When I talk to computer customers about security I tell them that I can protect them from many things, but in the end, I can’t fully protect them from the user who won’t follow good security practices. I can try to force the user to follow certain procedures, but as the old saying goes, “The reason it’s so hard to make anything foolproof is that fools are so ingenious!”
Today I had a post from the New York Times in my feed that suggested that users are being drawn into buying more expensive stuff by targeted advertising.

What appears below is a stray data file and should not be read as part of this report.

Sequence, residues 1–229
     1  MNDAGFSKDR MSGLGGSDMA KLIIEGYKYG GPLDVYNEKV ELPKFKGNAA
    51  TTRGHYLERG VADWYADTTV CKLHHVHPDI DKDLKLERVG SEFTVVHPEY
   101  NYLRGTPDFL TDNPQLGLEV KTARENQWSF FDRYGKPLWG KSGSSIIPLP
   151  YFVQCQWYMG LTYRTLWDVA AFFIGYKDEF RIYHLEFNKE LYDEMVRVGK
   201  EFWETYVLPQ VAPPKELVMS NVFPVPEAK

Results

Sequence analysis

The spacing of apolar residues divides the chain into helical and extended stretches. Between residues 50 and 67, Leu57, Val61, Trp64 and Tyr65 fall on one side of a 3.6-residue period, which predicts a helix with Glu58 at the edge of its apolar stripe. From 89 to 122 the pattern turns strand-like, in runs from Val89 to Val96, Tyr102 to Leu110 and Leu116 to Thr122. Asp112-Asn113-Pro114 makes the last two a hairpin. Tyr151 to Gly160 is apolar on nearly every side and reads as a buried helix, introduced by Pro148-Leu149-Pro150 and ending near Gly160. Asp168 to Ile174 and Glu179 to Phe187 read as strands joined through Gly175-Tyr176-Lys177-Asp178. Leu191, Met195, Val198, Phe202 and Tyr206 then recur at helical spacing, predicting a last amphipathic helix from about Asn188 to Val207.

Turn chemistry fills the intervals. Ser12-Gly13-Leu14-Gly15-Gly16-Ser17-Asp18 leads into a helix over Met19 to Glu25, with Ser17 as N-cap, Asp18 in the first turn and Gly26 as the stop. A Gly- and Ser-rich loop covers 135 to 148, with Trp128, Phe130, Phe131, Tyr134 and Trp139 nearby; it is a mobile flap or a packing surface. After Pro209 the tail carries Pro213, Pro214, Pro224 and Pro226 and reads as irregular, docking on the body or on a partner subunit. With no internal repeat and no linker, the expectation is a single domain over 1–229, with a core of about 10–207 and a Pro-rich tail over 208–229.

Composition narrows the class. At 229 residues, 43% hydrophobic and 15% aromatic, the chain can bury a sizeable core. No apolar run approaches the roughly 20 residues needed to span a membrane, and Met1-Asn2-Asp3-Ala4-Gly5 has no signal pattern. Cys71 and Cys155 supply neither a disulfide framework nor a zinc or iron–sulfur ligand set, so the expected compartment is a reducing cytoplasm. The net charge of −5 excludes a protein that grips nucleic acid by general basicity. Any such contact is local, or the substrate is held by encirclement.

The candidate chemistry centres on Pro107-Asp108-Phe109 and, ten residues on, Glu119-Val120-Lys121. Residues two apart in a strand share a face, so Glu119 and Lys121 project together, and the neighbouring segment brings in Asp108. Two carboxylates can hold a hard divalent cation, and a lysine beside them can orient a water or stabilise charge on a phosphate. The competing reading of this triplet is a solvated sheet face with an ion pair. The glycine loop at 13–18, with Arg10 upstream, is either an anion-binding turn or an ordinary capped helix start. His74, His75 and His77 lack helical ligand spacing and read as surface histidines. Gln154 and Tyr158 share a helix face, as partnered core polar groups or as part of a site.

It’s likely they’re right. Ads, after all, are designed to make people spend money, often for things they cannot afford. It’s how our economy functions.
But then you get to the question of solutions. Should we restrict advertising because people will be led astray?
Which leads to the question: Should we regulate the media more so that people are not exposed to misinformation?
The problem is that even if you could find truly unbiased censors to filter out the crud, you’re unlikely to prevent people from getting bad ideas and “learning” things that just aren’t so.
Perhaps our world should come with the caveat that I put in my form regarding security service:
No amount of security can make up for a user who will not follow good procedures.
Which leads to: